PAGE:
Category: Translational

Symposium

Decreasing Film-Related Intrusive Memories via Postretrieval Extinction in Nonclinical and Clinical Samples

Sunday, November 19
8:30 AM - 10:00 AM
Location: Sapphire Ballroom I & J, Level 4, Sapphire Level

Keywords: Fear | Translational Research | PTSD
Presentation Type: Symposium

Memory reconsolidation may provide a way to enhance learning that occurs during fear extinction (Nader & Hardt, 2009), yet certain boundary conditions (e.g., retrieval cue valence) and translation of experimental paradigms to clinical samples remain less clear. In a two-study sequence using a distressing film-fear learning paradigm, we explored patterns of extinction and the extension of reconsolidation methods to individuals with current psychopathology. Participants viewed a distressing film segment (fear acquisition) and were then randomized to some variation of retrieval + extinction condition or to a control condition 48 hr later. Intrusions were assessed 24 hr following acquisition and extinction.

In Study 1, we systematically explored trajectories of extinction following either negative, neutral or delayed retrieval cues. Participants were 168 undergraduates. A neutral retrieval cue was more effective than a negative cue in reducing intrusion frequency (t(163) = 4.18, p = .04, d = 0.89). Notably, higher peak distress during extinction predicted more frequent (r = .22) and distressing (r = .49) intrusions regardless of reconsolidation condition, arguing that inadequate extinction may have mitigated retrieval cue effects. Subsequently, in Study 2, we altered extinction procedures, forming 3 extinction conditions: extinction using the full acquisition clip, extinction of most disturbing parts only, and a control condition where extinction did not occur. Preliminary findings from Study 2 using a clinical sample with PTSD and/or MDD will also be presented.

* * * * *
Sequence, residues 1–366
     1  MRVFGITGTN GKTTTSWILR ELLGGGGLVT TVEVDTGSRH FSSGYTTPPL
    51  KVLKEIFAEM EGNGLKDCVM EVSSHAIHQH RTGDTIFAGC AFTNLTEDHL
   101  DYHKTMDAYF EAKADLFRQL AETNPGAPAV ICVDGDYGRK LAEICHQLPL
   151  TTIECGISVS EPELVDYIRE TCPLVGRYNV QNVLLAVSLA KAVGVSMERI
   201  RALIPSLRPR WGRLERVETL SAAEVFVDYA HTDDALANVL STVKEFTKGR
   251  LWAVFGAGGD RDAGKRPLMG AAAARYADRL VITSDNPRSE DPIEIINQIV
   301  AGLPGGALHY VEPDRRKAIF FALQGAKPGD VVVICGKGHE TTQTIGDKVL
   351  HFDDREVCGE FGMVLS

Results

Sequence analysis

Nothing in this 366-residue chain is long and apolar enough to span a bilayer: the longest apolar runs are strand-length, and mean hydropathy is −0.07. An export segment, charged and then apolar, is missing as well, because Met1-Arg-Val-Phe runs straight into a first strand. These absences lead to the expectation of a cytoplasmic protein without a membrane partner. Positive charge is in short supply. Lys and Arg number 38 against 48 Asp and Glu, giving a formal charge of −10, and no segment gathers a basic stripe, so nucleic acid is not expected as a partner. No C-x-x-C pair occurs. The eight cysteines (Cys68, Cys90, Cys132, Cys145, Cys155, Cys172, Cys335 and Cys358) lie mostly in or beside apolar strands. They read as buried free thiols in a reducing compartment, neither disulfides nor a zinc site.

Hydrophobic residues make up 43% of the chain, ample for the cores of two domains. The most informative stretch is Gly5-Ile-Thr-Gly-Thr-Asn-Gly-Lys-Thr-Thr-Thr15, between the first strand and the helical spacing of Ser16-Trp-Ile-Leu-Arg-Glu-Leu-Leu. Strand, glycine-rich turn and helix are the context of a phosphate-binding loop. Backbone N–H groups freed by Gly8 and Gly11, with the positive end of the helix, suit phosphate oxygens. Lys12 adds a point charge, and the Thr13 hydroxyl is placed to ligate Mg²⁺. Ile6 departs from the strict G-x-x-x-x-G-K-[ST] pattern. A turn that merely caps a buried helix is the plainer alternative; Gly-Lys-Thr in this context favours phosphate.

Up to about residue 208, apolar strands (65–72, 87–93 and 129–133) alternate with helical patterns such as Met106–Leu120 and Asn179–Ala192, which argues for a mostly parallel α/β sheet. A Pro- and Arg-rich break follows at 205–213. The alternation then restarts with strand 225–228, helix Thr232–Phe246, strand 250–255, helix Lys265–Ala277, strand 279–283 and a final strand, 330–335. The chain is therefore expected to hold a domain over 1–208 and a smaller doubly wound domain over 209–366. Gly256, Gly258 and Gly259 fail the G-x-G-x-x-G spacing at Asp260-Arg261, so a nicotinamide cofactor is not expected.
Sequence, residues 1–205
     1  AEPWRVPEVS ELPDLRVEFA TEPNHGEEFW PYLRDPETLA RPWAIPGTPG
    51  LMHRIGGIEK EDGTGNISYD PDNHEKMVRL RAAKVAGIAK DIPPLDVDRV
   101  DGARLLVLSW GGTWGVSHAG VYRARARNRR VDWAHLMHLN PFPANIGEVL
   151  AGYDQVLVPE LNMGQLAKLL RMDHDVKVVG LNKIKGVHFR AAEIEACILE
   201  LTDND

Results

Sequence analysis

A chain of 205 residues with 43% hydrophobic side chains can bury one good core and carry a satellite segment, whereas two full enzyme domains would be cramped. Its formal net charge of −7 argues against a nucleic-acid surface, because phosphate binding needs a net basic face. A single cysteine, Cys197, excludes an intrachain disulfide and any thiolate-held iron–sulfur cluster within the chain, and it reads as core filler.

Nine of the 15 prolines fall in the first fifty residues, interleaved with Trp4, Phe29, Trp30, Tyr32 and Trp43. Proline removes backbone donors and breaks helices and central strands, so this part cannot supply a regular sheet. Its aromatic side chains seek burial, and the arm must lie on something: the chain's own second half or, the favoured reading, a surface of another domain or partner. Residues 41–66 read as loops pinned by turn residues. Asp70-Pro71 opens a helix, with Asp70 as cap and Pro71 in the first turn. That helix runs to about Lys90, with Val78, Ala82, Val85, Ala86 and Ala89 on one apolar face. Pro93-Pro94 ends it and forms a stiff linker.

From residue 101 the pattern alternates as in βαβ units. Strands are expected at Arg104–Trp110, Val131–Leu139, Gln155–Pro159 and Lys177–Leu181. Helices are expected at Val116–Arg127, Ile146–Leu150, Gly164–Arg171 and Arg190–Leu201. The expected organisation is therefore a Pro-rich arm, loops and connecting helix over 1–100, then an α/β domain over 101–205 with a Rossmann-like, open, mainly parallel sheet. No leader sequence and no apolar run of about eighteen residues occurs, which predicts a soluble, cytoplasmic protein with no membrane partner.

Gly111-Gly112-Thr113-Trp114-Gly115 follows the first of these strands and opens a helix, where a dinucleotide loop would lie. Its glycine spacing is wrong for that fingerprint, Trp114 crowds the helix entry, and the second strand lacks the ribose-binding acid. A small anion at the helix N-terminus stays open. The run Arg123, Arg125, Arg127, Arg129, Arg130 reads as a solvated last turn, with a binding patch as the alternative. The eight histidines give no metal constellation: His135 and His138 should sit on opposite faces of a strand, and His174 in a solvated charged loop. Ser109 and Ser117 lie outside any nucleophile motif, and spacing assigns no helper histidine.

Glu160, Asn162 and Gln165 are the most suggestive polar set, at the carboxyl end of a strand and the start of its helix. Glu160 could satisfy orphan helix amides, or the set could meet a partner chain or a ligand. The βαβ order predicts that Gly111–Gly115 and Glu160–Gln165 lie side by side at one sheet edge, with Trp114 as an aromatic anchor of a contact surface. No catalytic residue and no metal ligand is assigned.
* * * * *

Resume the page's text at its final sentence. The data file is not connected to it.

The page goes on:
While moderators of reconsolidation are emerging in basic fear learning paradigms (Kredlow et al., 2016), trajectories of distress during extinction may influence reconsolidation processes with complex, fear-relevant stimuli and in clinical samples. Ultimately, understanding where reconsolidation may enhance learning during exposure-based treatments is critical; yet,  real world clinical exposure is often “messier” than controlled laboratory settings and there may be particular areas (e.g., emotional engagement, change in distress) where the highest likelihood of enhanced postretrieval learning may lie.    

Elizabeth H. Marks

Graduate Student
University of Washington

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Decreasing Film-Related Intrusive Memories via Postretrieval Extinction in Nonclinical and Clinical Samples



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